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Brussels, 29 October 2013
Commissioner Malmström welcomes agreement on migrant seasonal workers
"I very much welcome the agreement on the 'Seasonal workers Directive', reached between the Parliament and the Council. After more than 3 years of negotiations a good solution has been found, harmonising the conditions of entry and residence and the rights of migrant workers coming to the EU for seasonal work. Non-EU seasonal workers make a serious contribution to the European economy and with the new Directive they will be granted a secure legal status for the entirety of their stay in order to protect them from exploitation. They will benefit from equal treatment for working conditions and access to appropriate accommodation.
The Directive proposes the first EU scheme on circular migration: these workers keep their residence outside the EU and some of them come every year for the same season. The new rules will also contribute to fight abuse and irregular migration by opening legal channels.
Today's agreement demonstrates the European Parliament and the Council are able to find good answers to indeed difficult questions. I sincerely hope they can agree soon on the Commission's proposal for a Directive for intra-corporate transferees, which has also been discussed for over three years. Facilitating intra-corporate temporary transfer of non-EU skilled workers would also contribute to strengthening the European economy and attracting further investments in Member States," said Cecilia Malmström, EU Commissioner for Home Affairs.
In the context of a comprehensive package of measures for an EU common policy on legal migration, in July 2010 the Commission proposed a new Directive on seasonal employment (IP/10/930 and MEMO/10/323), mainly addressed to low skilled migrants.
The agreement between the Parliament and the Council will have to be formally adopted by both co-legislators in the coming weeks. Once adopted, Member States will have two and a half years to implement it. The new Directive will establish common entry and residence conditions and a set of rights for migrant seasonal workers. Member States will keep the right to determine volumes of admission and reject applications if EU workers are available.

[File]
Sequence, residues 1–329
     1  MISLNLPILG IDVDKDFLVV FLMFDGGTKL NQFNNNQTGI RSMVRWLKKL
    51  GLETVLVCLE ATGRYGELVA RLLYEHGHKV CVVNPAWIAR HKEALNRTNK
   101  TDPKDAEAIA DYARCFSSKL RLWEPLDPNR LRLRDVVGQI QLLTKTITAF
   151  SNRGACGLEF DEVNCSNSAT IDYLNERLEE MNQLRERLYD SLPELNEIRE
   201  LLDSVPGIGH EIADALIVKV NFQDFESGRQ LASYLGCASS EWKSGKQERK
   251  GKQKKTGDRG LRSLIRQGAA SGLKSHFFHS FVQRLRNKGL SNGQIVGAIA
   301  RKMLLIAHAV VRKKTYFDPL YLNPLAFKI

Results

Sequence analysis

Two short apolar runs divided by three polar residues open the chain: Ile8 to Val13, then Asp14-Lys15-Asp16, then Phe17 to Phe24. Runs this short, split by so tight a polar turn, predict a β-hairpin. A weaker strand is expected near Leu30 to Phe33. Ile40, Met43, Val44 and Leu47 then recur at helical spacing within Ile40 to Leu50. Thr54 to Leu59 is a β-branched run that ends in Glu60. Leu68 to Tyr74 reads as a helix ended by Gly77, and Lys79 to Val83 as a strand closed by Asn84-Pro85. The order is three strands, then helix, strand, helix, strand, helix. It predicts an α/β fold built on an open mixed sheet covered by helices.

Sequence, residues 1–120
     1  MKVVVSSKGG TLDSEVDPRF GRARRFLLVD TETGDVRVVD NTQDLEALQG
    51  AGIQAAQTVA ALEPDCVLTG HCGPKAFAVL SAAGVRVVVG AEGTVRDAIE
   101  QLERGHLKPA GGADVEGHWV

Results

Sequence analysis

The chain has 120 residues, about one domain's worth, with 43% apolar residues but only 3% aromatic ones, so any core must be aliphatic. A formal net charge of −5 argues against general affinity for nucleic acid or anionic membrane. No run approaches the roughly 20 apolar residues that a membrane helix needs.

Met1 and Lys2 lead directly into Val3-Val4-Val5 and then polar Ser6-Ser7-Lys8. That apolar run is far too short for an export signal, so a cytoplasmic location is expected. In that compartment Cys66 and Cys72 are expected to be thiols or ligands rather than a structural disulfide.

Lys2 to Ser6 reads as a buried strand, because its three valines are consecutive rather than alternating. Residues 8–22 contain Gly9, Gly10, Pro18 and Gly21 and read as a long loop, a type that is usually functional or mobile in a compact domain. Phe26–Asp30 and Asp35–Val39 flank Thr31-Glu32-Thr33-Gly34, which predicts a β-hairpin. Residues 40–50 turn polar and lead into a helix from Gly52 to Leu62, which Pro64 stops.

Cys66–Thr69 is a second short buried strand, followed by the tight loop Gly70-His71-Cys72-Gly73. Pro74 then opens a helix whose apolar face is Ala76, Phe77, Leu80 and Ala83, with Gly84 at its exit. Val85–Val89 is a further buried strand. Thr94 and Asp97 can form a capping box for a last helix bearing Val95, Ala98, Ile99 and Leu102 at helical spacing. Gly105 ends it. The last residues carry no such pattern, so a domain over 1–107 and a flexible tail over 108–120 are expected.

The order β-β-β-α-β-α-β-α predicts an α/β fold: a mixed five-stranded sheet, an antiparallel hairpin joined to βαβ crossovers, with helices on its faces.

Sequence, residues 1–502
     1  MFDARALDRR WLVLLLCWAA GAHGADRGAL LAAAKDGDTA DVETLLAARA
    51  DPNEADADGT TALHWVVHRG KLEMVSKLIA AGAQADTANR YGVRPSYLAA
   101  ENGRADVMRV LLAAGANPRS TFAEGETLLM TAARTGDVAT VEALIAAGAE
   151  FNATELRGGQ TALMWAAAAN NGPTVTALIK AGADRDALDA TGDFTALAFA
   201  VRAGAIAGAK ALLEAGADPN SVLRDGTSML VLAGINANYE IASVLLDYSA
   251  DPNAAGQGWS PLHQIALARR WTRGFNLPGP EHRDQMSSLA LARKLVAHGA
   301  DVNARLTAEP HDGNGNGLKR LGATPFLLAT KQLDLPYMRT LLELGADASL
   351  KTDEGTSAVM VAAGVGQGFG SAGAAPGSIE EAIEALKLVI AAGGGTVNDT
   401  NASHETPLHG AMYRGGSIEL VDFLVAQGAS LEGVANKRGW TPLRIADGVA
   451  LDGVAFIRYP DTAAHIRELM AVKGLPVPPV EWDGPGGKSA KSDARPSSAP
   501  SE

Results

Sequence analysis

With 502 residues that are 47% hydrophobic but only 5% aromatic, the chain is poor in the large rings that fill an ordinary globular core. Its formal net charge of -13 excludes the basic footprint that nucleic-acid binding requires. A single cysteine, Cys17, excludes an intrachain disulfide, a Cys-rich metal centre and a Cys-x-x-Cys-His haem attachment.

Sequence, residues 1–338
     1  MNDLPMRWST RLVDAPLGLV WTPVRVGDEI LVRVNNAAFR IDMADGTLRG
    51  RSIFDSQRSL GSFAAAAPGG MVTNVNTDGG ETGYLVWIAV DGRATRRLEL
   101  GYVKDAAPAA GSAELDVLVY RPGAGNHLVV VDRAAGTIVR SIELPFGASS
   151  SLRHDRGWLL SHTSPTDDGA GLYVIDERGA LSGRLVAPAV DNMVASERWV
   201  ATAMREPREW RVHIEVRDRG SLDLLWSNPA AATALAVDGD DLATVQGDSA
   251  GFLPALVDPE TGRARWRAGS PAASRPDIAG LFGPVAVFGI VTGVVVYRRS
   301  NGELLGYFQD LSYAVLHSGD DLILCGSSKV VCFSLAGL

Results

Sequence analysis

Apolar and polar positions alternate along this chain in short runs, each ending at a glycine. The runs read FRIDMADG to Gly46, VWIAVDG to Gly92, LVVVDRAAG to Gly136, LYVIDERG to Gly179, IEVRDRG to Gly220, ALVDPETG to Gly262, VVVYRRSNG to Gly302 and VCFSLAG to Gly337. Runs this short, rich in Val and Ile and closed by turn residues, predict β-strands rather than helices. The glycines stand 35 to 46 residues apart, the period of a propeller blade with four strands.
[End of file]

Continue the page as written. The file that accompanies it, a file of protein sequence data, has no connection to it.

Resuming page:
The new Directive will be addressed to seasonal workers who retain their principal place of residence in a third country and stay legally and temporarily in the EU to carry out an activity depending on the passing of the seasons, typically in agriculture or tourism. Each Member State will determine a maximum period of stay between five and nine months in any 12-month period.
Member States will have to facilitate the admission of non-EU workers who were admitted for seasonal employment at least once in the same Member State in the last five years and who fully respected the relevant conditions in every stay. Each Member State will decide its facilitation measures (e.g. multiyear permit, accelerated procedure, priority in examining the application, exemption from submitting some documents, etc.).
Seasonal workers will enjoy equal treatment with EU nationals in terms of employment, including the minimum working age, and working conditions, including pay and dismissal, working hours, leave and holidays, as well as health and safety requirements at the workplace. Equal treatment with EU nationals will also apply to branches of social security (in practice, benefits linked to sickness, invalidity, old-age, etc.). Because of the temporary nature of the stay of seasonal workers, Member States will not be obliged to apply equal treatment on unemployment and family benefits and will have the possibility to limit equal treatment on tax benefits and on education and vocational training.
Member States will have to request evidence that the seasonal worker will benefit from accommodation that ensures an adequate standard of living according to national legislation and/or practice. The competent authority will have to be informed of any change of accommodation of the seasonal worker in order to facilitate inspections. If the employer provides accommodation, he or she will have to ensure that the general health and safety standards are met and the rent will not be excessive or automatically deducted from the wage. The compromise text includes a provision on monitoring and inspections, in particular regarding the working conditions and the provisions on accommodation.
Seasonal workers will have the right to extend their stay once to be employed with the same employer or with a different employer provided that they fulfil the entry conditions and no grounds for refusal apply. Member States may allow them to extend their stay more than once provided that the maximum duration of stay is respected.
This will be the first Directive on legal migration covering stays not exceeding three months. The text has been carefully drafted to make it compatible with the rules governing the border-free Schengen area.
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